For decades, the vision loss community has been advocating for Medicare's coverage of assistive technologies, particularly for devices for low-vision users. Currently, Medicare will not pay for any device that happens to use a lens, regardless of whether such device incorporates any other features. The Centers for Medicare and Medicaid Services (CMS), the federal agency responsible for the management of Medicare, has ruled that devices, such as low-vision devices, that use a lens are excluded from coverage just as eyeglasses or contact lenses are, except in very narrow circumstances.
Now, for the first time, federal legislation may begin to change this unacceptable national policy by establishing a nationwide Medicare demonstration project to evaluate the fiscal impact of a permanent change in Medicare coverage to pay for low vision devices. The legislation, H.R. 3749, introduced by Reps. Carolyn Maloney (D-NY) and Gus Bilirakis (R-FL), would initiate a five-year demonstration project that would put low-vision devices in the hands of Medicare beneficiaries who, after a clinical evaluation by an ophthalmologist or optometrist, can benefit from a low-vision device and for whom such devices are medically necessary. The legislation is careful to require that the demonstration project be genuinely national in scope and is explicitly designed to yield reliable data and meaningful results. Once the legislation is enacted and the demonstration project is successfully completed, Congress will have significantly richer data upon which to consider changes to the Medicare program to make coverage of low-vision devices, especially the most costly devices, a permanent feature of the program. Precisely how many individuals will receive low-vision devices and how many physicians across the country will participate in the demo project will need to be determined by CMS, working in consultation with stakeholder groups, as it develops and implements the project. The legislation makes $12.5 million available for the project over five years.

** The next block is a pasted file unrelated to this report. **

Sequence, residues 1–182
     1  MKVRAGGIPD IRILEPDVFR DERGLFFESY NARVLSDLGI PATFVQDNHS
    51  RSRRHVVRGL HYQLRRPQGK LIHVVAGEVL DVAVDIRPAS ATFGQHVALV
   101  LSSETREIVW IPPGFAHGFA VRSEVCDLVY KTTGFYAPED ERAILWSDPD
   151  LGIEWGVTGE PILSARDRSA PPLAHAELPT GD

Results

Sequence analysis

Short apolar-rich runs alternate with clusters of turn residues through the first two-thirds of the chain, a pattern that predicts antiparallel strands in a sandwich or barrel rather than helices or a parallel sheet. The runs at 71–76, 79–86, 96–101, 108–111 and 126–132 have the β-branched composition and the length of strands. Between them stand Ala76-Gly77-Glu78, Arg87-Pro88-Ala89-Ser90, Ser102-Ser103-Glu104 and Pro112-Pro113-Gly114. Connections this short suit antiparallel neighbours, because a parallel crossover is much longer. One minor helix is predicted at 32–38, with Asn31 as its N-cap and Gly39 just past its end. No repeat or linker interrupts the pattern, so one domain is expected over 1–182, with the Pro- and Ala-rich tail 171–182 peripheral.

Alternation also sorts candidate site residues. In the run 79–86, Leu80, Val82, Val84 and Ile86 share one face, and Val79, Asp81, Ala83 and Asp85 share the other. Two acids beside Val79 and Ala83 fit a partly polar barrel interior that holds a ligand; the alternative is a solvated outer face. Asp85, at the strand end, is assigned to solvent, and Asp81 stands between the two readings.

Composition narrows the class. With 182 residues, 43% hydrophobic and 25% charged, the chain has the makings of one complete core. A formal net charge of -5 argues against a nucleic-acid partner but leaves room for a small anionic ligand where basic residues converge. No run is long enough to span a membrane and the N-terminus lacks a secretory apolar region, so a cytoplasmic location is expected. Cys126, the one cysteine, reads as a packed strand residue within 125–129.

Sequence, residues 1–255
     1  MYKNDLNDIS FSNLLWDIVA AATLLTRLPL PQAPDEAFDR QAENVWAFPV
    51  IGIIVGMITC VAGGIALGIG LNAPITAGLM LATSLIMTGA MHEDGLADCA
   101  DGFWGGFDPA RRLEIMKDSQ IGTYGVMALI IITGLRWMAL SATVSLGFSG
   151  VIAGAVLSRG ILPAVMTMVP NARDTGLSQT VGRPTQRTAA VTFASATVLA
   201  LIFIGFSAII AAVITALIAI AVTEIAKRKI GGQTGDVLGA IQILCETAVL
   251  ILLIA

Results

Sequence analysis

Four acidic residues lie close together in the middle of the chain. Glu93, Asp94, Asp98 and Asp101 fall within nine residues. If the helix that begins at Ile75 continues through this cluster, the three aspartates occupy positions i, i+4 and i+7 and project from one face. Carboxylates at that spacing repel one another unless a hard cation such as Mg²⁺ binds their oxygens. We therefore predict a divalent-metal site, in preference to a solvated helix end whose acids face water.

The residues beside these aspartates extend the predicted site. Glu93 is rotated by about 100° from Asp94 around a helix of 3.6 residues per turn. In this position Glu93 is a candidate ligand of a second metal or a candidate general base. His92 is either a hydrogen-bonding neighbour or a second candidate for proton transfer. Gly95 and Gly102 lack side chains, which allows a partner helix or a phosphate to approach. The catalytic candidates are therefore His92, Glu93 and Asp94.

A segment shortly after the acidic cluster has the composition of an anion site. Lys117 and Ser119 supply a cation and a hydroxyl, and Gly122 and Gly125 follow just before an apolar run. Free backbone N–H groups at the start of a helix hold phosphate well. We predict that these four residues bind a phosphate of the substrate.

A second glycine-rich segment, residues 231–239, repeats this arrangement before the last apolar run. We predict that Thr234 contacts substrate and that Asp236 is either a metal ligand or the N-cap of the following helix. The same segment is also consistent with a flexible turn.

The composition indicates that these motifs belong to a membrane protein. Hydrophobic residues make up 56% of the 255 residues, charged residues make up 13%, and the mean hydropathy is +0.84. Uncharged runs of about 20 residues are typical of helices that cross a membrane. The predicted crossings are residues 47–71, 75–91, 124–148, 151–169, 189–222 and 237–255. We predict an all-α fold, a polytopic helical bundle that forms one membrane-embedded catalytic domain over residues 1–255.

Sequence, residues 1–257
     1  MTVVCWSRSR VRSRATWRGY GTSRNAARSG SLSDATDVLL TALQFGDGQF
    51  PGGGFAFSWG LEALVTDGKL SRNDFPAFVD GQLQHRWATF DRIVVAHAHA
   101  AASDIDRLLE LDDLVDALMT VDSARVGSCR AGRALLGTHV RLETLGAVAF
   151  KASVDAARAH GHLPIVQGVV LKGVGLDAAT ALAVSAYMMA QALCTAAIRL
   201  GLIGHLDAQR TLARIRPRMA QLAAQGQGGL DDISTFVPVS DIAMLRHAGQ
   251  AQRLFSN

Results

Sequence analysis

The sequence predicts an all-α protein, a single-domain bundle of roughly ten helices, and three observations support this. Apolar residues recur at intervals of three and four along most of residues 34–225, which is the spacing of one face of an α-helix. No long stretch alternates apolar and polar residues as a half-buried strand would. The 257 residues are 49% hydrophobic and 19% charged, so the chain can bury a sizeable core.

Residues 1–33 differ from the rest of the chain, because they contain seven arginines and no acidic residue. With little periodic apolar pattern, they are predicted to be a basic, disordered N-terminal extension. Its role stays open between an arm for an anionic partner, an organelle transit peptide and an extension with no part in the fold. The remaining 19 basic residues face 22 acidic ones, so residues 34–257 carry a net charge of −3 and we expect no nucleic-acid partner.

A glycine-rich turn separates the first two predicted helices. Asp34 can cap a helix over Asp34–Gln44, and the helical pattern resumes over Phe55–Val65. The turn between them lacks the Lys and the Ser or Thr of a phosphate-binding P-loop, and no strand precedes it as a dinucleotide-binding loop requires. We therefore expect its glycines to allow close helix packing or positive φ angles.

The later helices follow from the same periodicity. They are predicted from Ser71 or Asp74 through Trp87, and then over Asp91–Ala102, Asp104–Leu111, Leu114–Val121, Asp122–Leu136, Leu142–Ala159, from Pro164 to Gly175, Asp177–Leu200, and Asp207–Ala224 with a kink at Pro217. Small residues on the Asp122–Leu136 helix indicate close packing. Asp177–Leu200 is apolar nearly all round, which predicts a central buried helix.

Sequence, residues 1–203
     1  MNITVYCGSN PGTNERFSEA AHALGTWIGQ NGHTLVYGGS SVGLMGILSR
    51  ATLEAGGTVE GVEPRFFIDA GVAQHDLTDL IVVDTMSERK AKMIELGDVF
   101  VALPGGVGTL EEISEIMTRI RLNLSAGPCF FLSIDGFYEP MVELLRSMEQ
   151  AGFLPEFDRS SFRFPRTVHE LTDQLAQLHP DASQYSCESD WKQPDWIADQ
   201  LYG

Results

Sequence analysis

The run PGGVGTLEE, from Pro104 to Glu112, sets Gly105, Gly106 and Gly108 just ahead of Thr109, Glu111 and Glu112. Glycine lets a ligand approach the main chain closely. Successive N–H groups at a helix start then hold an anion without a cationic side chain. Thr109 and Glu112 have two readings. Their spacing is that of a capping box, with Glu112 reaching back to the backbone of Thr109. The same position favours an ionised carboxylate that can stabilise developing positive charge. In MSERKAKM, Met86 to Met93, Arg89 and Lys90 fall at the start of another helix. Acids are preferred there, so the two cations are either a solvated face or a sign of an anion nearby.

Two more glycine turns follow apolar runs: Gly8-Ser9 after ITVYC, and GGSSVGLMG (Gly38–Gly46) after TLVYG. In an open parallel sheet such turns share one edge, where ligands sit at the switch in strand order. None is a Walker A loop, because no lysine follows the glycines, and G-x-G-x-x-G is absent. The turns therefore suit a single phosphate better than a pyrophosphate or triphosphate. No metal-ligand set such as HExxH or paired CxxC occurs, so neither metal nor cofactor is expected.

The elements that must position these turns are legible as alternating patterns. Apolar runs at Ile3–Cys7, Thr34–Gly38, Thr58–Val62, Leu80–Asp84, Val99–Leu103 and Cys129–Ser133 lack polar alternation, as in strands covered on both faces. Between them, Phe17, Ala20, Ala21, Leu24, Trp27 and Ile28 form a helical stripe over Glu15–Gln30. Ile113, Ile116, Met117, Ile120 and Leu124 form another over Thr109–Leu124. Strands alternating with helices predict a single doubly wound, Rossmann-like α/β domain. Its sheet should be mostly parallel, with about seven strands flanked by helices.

The work that has led to the introduction of this important legislation should serve as a primer on how our field can effectively influence the policy process through joint labor. The American Council of the Blind (ACB) initiated the national effort to refocus our field's attention on the need to address Medicare coverage for low-vision devices. The nationally representative team of consumer, professional, and industry advocates that ACB brought together considered a variety of approaches to tackling the low-vision device coverage issue. The American Foundation for the Blind (AFB), as a participant in the ACB initiative, proposed that our field pursue a national Medicare demonstration project and prepared the legislative text that has been introduced in Congress. In addition to ACB's extensive advocacy on Capitol Hill, the VisionServe Alliance made this issue one of its principle legislative priorities at ACB's request when VisionServe members visited Capitol Hill last April. Lighthouse International, supported by other VisionServe leadership and member organizations, was determinative in securing our congressional champions. This field-wide collaboration serves as an example of the kind of effort that is best positioned to achieve results.
Advocates are encouraged to contact their members of the U.S. House of Representatives and urge them to co-sponsor H.R. 3749. We are actively working on Senate champions and will keep you updated as progress is made. Thank you for your advocacy!
For further information, please contact:
Mark Richert, Esq.
Director, Public Policy
American Foundation for the Blind
Phone: (202) 469-6833